“I think that some of the problem with these fields is that the lack of gender equality and male dominance are not really viewed as a problem. The gender imbalance is not perceived or discussed as a genuine problem for these fields as such, but more as an unimportant, partly bureaucratic problem pushed onto them from the outside. When something isn’t actually regarded as a problem, then it’s not so important to solve it either,” says Egeland.
Not open to new impulses
One of the most noticeable findings in the report is that the academic environment and section are characterised by conservatism at several levels. This is based on several different findings – for example, that the field is described as extremely empirically oriented and that the environment is consensus oriented and not particularly open to new impulses.
The report also shows that the research fellows in the section feel a lack of recognition and professional interest on the part of the senior staff. The academic culture is described as a typical consensual culture – meaning that the environment is characterised by a belief in unambiguous quality standards and scepticism toward interdisciplinarity, and is less open to allowing competing paradigms and areas of interest to exist alongside each other. Several of the report’s informants point out that this can make the environment less interesting to women historians, who are more often interested in theory and are more likely to gain inspiration from theoretical directions from related fields.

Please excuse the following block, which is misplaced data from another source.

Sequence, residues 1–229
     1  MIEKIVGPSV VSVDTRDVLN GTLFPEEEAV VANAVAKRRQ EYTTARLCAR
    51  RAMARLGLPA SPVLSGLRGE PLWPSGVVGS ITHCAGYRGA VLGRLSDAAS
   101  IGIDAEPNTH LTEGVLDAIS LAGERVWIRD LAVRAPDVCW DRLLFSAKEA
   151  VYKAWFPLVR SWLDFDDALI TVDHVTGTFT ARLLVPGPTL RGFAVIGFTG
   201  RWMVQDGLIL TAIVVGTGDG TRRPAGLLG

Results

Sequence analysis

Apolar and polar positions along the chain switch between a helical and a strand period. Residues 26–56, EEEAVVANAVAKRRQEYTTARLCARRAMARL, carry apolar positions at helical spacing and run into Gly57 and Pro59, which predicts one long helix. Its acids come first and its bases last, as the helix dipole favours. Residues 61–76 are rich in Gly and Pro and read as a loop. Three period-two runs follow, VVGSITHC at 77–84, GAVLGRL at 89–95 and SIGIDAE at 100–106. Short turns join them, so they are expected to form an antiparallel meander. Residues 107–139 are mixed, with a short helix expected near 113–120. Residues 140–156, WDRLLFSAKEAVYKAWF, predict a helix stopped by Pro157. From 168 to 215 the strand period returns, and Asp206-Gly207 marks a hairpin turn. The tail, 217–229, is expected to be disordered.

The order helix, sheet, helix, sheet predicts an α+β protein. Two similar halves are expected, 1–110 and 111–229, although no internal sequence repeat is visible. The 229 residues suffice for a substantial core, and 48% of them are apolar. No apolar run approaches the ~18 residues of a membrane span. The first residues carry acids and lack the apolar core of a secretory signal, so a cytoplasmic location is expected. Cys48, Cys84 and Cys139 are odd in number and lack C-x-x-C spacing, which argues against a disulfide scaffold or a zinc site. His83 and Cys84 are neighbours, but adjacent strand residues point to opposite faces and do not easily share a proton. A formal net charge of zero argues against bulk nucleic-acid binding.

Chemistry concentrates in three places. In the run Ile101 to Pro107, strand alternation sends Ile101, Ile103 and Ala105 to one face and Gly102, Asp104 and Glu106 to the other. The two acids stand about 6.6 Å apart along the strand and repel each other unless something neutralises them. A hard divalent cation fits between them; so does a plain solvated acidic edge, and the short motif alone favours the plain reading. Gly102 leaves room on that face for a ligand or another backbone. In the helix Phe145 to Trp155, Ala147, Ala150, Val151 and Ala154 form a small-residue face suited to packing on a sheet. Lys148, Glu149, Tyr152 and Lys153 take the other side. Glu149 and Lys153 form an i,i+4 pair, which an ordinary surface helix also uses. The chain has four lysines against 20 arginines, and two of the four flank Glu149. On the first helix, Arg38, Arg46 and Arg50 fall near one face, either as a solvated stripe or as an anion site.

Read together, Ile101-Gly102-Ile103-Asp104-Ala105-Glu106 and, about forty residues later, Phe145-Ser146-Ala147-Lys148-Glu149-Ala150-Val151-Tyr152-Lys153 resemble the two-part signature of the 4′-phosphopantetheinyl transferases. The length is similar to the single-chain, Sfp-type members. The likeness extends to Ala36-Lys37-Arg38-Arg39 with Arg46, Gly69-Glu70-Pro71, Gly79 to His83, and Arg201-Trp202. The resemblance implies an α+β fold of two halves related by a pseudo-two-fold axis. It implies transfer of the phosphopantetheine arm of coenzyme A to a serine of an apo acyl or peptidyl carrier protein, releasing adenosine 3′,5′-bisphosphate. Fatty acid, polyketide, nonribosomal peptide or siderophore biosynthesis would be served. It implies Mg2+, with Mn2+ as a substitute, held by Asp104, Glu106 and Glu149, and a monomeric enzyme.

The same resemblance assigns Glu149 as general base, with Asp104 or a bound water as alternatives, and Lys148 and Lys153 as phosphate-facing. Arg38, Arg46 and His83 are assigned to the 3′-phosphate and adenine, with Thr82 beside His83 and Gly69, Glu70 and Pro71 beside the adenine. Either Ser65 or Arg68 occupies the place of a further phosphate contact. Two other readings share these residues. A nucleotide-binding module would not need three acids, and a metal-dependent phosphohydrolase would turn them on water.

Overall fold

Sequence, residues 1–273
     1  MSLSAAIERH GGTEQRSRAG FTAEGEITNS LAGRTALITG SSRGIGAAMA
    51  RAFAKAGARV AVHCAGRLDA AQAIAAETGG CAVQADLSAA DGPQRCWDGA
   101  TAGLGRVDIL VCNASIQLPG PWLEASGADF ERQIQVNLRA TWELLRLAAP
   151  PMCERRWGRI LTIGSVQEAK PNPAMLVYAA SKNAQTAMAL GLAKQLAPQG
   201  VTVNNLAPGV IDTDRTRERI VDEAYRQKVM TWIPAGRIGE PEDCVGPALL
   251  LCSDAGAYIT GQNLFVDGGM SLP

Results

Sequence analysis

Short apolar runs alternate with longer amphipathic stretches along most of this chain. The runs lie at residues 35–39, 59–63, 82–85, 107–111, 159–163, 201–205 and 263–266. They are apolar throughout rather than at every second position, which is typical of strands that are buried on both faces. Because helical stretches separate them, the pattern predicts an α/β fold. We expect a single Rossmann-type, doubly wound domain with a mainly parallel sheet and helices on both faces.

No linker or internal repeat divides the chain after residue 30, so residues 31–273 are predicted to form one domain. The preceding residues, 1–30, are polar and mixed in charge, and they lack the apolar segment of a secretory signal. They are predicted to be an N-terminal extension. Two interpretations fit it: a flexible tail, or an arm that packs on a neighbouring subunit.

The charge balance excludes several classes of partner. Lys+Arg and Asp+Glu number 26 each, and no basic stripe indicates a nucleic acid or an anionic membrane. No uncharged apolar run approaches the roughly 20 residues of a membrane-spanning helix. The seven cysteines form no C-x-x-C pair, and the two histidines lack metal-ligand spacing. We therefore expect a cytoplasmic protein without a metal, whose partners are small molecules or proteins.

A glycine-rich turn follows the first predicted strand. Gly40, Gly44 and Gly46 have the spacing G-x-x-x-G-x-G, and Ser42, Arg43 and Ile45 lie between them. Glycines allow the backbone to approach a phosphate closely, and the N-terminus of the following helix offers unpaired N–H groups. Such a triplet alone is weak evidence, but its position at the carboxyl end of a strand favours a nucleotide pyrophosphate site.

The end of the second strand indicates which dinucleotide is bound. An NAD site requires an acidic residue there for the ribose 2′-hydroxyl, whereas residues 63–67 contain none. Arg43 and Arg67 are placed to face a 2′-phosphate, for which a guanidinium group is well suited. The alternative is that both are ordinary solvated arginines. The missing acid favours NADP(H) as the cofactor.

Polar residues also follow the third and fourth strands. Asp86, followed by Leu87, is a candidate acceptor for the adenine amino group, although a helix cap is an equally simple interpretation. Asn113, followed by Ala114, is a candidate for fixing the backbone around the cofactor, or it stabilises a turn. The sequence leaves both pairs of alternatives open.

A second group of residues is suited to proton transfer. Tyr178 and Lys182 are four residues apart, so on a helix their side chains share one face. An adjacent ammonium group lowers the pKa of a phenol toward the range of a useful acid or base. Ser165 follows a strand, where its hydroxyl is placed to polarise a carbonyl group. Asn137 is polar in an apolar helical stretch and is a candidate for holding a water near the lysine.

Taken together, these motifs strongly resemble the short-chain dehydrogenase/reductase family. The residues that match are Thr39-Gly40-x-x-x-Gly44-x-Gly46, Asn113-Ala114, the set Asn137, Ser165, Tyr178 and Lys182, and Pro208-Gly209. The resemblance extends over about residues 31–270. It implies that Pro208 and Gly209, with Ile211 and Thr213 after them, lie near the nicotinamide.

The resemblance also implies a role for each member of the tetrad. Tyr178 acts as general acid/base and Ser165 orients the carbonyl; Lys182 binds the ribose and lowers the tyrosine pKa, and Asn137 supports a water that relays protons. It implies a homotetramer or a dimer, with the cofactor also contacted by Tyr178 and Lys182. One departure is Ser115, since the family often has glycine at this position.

The report mentions that previous research has shown that women often encounter problems in consensual academic cultures as compared with environments with intersecting areas of interest and greater receptivity towards conflict and pragmatism.
Listen to our podcast: Can good leadership solve academia’s gender and diversity problems?
The consensus-oriented environment has often resulted in more internal recruitment, which has not been advantageous for women researchers either. Egeland believes, though, that in practice this does not involve quotas for men.